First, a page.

Haim’s Days Are Gone and I have had a few adventures during our fortnight together. There was the time we got stinking drunk at the top of our voices while I cleaned the bathroom, and the time Haim kept me company through an epic Sunday evening delayed train/replacement bus extravaganza across the country. We met unexpected deadlines together, negotiated family drama, had a memorable race through central London on the day I failed to follow directions to a big work meeting, and went white water rafting (woohoo!).
Obviously there have been a few things going on this fortnight besides listening to Haim. From the crushing pressure of increased responsibility at work to the strain of entertaining 10 people for a weekend, I’ve had plenty on my plate. But from the first listen, Days Are Gone felt like an old friend. It raised my spirits, lowered my inhibitions and integrated itself seamlessly into a bizarre couple of weeks.
Days Are Gone is a pretty straightforward pop rock album, but it holds its own in a crowded genre. The upbeat opener Falling is about throwing yourself wholeheartedly into… love? life? music? quite what is unclear, but the song sounds fantastic. This a pretty consistent theme of the album. The lyrics are slightly clumsy and fairly meaningless, but the punchy vocal styling and the catchy rhythms overcome this. The album is full of great songs to sing along to as you dance about your day, just as long as you don’t look for anything deeper!
Despite the dodgy lyrics, the vocals are my favorite part of Days Are Gone. Haim have a knack for an ear-catching vocal rhythm, with highlights including the rolling “I know I know I know” on The Wire, and the can’t-resist-singing-along lilting “Hey you, hey you” on Forever. Song 5, with it’s excellent dirty brass, probably captures this vocal variation best. From the low drawl of the opening lines, through the shouty refrain to the unexpected pure pop harmonisation that pops up on the middle, Haim kept my interest throughout.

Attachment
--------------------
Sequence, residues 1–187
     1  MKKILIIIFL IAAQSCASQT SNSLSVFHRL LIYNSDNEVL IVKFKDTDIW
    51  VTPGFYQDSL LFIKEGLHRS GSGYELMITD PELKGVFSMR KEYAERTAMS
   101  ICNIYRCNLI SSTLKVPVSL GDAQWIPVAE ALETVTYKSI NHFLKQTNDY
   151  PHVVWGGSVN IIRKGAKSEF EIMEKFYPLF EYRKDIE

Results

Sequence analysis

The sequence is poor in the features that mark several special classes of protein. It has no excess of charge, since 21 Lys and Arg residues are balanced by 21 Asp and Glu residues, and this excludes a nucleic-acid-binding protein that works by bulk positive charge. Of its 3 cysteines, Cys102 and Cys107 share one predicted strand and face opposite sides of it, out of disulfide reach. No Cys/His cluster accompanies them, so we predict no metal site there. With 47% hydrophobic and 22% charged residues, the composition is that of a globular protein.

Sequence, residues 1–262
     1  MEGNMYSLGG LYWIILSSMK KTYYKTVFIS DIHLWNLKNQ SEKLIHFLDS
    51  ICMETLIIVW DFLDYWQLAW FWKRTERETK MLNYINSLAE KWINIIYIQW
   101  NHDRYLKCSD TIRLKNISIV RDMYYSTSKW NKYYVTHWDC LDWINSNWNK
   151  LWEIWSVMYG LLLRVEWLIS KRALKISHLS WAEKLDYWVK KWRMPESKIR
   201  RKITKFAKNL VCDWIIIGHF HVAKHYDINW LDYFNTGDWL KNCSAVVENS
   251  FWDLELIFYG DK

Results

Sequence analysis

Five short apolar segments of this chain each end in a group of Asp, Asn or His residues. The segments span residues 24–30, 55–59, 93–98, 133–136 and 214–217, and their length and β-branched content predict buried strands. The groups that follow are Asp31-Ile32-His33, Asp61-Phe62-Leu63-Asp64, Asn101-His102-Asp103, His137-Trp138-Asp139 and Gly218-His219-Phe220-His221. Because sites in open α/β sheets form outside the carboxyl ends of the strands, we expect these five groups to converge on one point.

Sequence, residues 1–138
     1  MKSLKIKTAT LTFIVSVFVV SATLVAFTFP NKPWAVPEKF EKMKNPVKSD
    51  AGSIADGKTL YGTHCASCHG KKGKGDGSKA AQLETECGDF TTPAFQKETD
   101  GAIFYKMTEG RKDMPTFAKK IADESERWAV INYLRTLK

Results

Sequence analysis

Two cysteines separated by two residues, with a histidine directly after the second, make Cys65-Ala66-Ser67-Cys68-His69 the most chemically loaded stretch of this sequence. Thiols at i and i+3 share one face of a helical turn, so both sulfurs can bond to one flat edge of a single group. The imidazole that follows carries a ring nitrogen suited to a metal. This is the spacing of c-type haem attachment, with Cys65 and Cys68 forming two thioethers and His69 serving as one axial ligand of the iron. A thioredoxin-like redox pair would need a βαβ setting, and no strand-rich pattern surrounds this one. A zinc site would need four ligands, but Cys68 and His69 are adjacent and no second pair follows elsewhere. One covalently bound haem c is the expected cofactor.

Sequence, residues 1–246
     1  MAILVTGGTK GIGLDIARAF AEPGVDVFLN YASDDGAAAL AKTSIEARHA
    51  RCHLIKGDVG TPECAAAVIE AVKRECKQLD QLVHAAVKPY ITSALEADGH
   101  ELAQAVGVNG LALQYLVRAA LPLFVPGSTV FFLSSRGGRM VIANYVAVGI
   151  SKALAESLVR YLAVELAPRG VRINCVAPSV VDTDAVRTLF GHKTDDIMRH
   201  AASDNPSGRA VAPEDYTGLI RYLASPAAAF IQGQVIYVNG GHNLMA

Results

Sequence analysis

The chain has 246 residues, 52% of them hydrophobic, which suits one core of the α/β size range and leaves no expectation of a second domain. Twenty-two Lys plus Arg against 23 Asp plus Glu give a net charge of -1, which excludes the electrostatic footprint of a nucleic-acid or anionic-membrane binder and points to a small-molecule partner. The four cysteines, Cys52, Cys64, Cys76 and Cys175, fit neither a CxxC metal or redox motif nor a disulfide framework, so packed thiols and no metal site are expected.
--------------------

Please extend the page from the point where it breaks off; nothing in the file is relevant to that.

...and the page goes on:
Most of the songs on Days Are Gone have their moments so it’s hard to pick a highlight, but I particularly enjoyed half-way track Don’t Save Me. It uses the affected LA cool of the sisters’ voices to great effect, and the ‘I don’t care’ lyrics almost manage to convince. Don’t Save Me tries a bit too hard, but it’s a lot of fun to listen to, much like the rest of the record.
I have heard that Haim are a great live band, with their raw material having more of an edge to it. I can see how Days Are Gone could benefit from this, and hopefully Dave and I will hear for ourselves over the summer. May the future bring many more Haim-influenced escapades!